I don’t know if anyone else had this reaction, but I found the video deeply ironic. The climax of the speech was a story about a soldier’s heroism which was designed to evoke pride in the soldier’s action and therefore pride in our country by his representation. It did this very well: to think that a Navy corpsman would rush into a firefight in order to rescue a wounded enemy is extremely moving, and I am awed at the courageous act. The irony, for me, was that the action so lauded of this marine by Oliver North was precisely the kind of action I don’t imagine is military protocol: an action of non-violent compassion in the face of a very real danger of violence. We rightly take pride in our association by nationality with a hero like the one in this story, but I wonder whether he was acting fully as a dispenser of his duties? Maybe, on the other hand, the mutual recognition of humanity in the enemy triggered this heroic rescue?
I’m sure I’m very ignorant of actual battle protocol in the army, and maybe there is a command to merely disable the enemy so that they can be rescued, given medical attention, and imprisoned or rehabilitated. Something tells me, however, that US generals would be pretty concerned if all of their soldiers were in the habit of risking their lives for wounded Iraqi insurgents. My point is that the story is so powerful it got told at an NRA annual meeting even when the power in the story comes from the fact that the corpsman didn’t use his weapon!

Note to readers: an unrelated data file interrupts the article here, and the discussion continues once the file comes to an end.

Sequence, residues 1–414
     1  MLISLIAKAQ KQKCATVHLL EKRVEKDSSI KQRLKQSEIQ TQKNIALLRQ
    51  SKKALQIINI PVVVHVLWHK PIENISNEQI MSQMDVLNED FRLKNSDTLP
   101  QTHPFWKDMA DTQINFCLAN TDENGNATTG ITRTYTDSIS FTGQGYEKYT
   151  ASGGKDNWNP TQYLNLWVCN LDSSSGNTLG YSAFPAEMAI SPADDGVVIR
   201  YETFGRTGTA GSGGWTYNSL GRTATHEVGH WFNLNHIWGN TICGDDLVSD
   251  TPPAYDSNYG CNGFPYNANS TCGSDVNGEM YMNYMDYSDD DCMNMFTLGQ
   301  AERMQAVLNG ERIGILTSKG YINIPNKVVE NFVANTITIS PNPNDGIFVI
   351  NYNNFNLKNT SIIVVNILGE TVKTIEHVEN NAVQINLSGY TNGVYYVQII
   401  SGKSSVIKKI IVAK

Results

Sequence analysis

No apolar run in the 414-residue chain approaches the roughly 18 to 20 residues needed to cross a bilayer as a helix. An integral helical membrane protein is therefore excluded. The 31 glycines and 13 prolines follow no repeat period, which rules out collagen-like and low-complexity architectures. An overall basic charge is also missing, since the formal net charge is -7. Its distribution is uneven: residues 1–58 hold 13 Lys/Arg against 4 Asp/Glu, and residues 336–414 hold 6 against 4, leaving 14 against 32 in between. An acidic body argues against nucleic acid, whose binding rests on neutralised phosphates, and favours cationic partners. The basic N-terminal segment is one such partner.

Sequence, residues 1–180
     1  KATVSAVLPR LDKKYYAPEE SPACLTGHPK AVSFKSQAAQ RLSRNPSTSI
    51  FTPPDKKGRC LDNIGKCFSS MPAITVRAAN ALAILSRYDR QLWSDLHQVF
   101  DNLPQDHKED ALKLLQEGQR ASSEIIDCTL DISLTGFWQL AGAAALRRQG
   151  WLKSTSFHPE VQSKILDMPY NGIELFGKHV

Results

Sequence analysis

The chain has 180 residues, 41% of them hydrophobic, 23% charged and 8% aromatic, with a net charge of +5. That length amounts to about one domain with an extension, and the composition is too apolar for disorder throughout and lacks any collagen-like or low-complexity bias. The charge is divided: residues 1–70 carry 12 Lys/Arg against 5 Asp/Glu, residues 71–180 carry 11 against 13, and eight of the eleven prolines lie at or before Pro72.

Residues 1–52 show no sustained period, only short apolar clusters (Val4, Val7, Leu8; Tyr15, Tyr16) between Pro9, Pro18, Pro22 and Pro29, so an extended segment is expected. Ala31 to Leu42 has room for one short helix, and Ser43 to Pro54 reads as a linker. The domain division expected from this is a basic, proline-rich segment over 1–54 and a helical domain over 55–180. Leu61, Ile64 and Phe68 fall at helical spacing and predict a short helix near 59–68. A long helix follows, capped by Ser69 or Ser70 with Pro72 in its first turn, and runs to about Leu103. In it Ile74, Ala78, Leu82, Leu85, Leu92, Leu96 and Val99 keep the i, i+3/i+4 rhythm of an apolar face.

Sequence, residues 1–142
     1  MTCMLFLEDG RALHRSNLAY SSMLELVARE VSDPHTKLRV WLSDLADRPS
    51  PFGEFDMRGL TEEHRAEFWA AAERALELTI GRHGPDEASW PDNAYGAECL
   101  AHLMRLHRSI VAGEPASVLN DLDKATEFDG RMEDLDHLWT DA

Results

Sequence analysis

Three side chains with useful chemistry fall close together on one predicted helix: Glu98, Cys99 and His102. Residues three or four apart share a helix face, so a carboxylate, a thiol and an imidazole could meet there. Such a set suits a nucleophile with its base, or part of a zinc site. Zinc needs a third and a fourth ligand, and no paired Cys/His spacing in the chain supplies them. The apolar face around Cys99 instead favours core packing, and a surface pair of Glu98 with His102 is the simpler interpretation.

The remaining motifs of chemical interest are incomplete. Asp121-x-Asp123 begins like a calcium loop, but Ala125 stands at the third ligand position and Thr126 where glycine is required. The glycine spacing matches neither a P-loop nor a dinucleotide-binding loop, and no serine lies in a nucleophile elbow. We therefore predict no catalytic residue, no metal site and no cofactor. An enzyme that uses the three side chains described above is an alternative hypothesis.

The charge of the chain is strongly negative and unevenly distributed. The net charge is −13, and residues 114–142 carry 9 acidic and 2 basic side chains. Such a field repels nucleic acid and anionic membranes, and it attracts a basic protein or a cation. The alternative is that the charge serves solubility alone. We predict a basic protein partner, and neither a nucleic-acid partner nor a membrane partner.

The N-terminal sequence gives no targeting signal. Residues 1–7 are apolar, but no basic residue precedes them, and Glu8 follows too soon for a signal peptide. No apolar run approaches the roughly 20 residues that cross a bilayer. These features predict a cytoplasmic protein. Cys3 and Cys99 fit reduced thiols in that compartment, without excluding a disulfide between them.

It got me thinking: what if there were a force of women and men trained in almost all the same ways as Marines, such that they were physically and mentally prepared to run into dangerous situations to rescue others, but who were unwilling to do violence to anyone they encountered? Reason says they’d all get slaughtered, but… it’s also a really interesting thought.
So much of what the NRA video did was to evoke pride and respect at the various skills and disciplines involved in being a soldier: taking care of oneself, cleaning one’s gun, walking all day in 120-degree heat without complaint, sharing the last vestiges of life with a dying comrade, and so on. We are naturally drawn to glorify such skill and sacrifice, and I admit it is impressive. However, when is it appropriate to stop asking what the skill is used for?